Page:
Public opposition to immigration is not new and neither is the notice taken of it by mainstream politicians. In the mid-1960s Richard Crossman was one of many elite figures who feared that opposition to immigration would see colour replace class as the decisive fissure in British politics. Yet the progress of anti-immigrant political platforms remained limited in the 1960s and 1970s. As Rob Ford and Matt Goodwin imply in their contribution in the latest issue of Political Quarterly, the role of trade unions, as well as the political clientelism encouraged by council housing, were among the factors that insulated working-class voters from the appeal of Powellism and far-right political parties. The ‘onward march of Labour’ provided a channel for the material concerns about jobs, welfare and housing that surrounded the issue of immigration. Equally important, however, was that from the mid- 1970s a numerically powerful trade union movement committed itself to an effective campaign that named and stigmatised the National Front as a racist political party. Finally, until the election of Margaret Thatcher as Conservative leader, both main political parties conspired with considerable success to avoid competing over immigration policy.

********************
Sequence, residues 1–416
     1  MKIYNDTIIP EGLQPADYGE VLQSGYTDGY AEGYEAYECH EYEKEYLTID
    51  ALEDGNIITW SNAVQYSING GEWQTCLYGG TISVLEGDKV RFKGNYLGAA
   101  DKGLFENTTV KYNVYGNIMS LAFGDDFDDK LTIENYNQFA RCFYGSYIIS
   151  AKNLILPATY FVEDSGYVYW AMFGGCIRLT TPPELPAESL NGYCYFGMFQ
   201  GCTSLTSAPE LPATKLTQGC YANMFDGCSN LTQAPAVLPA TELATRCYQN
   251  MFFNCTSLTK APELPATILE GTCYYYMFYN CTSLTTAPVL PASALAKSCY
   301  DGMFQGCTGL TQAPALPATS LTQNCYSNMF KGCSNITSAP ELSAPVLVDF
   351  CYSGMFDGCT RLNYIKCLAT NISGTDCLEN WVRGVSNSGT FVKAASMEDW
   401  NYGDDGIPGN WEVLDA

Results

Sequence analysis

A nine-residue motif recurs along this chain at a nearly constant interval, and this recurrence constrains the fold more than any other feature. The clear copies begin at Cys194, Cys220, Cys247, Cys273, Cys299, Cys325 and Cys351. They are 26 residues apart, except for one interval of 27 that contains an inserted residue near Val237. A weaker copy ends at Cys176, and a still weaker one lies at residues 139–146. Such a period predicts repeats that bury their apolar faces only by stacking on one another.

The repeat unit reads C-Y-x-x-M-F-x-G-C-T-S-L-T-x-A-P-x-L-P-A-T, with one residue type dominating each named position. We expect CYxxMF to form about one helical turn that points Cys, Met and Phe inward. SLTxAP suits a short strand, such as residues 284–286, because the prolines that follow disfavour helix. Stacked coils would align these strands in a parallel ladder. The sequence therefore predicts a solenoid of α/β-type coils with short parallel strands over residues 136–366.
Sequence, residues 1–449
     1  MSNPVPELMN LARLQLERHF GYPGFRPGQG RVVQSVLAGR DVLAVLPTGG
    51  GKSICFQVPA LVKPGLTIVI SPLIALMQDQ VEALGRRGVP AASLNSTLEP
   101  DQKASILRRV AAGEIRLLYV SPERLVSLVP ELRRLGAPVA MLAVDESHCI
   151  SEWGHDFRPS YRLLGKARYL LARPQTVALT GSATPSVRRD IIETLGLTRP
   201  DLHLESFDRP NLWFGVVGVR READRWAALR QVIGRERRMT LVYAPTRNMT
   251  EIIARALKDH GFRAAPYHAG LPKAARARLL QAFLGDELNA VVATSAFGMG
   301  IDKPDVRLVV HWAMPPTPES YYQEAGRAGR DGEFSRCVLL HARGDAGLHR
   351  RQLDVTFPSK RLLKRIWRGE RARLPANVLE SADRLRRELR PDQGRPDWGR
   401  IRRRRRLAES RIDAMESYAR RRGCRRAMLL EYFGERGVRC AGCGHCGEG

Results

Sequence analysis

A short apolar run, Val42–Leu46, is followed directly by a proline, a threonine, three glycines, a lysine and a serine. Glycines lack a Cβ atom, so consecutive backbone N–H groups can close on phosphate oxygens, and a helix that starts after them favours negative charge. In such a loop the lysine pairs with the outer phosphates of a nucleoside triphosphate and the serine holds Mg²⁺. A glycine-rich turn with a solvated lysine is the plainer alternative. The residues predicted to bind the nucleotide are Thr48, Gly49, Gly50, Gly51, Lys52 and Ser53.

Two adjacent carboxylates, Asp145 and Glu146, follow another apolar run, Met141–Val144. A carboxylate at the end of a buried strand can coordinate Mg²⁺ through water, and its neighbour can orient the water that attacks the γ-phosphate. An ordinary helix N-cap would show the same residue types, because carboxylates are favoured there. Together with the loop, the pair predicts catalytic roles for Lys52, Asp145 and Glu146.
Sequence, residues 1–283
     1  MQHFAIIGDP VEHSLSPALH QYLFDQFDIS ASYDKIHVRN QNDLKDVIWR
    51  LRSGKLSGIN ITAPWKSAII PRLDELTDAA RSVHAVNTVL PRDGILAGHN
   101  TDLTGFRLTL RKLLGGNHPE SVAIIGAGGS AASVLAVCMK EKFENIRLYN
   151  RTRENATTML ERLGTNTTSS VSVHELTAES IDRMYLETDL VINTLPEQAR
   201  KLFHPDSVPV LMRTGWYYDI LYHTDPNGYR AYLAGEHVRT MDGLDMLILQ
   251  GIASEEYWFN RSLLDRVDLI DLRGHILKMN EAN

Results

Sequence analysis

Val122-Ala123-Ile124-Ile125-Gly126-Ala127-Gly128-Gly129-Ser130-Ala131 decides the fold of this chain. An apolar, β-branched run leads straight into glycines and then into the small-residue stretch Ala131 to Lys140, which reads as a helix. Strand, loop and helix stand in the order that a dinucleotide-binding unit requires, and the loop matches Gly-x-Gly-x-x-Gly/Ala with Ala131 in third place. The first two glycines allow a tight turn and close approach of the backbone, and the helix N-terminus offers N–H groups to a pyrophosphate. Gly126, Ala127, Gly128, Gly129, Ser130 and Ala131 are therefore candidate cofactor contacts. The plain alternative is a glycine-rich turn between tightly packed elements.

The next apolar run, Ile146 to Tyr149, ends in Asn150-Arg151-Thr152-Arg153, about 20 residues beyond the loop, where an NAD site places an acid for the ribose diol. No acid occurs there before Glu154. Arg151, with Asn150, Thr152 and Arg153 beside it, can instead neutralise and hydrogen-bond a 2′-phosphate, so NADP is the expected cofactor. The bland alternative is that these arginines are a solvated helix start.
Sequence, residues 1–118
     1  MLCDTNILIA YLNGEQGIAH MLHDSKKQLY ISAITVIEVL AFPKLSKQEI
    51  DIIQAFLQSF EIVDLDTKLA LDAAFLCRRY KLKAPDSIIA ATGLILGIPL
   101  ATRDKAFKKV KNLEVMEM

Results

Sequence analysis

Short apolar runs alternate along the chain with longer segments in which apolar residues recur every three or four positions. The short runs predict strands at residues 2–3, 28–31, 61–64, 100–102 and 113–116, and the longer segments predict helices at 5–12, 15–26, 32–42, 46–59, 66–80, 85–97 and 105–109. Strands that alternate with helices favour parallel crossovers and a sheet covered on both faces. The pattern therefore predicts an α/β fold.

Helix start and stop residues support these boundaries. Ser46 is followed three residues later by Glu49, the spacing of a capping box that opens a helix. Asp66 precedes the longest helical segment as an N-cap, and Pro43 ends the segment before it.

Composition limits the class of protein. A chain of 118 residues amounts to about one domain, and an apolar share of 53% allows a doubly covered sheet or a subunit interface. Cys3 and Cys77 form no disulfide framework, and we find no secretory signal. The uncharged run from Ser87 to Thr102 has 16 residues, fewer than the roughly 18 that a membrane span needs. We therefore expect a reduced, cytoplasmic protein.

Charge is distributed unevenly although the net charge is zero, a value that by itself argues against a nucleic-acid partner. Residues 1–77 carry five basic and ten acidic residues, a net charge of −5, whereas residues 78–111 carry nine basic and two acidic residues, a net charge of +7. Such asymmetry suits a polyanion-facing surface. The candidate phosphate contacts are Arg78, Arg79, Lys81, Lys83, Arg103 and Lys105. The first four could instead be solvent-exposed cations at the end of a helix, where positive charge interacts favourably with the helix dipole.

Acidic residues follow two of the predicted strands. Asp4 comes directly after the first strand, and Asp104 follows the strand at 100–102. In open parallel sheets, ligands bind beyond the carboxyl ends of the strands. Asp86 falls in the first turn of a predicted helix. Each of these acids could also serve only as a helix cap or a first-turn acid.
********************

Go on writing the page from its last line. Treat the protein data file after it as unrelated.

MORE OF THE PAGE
None of these conditions exist today. It is not high levels of opposition to immigration which distinguishes politics today, but rather the widespread translation of this opposition into voting behaviour.

In understanding this development, the processes of structural, institutional and cultural change charted by Ford and Goodwin are undeniably significant. We should also attend to the history of policy, however. Exclusive focus on the recent past can suggest an earlier period during which immigration was under control and the nation’s borders were policed effectively, or effectively enough. The idea that there was a time when immigration policy worked as its architects intended is seriously misleading.

Although we can safely say that the rate of immigration to the UK would have been higher had there been no legislation to prevent it, judged by the goals of its proponents the results of legislation have been disappointing. The 1971 Immigration Act was supposed to introduce an era of zero immigration, yet from 1964 to 1994 the flow of long-term international migrants to the UK proceeded at a broadly constant level, fluctuating below 200,000 per annum in the 1970s and above it in the following decade but always returning to around that figure (these figures are for the flow of immigrants, not for the stock at any one moment).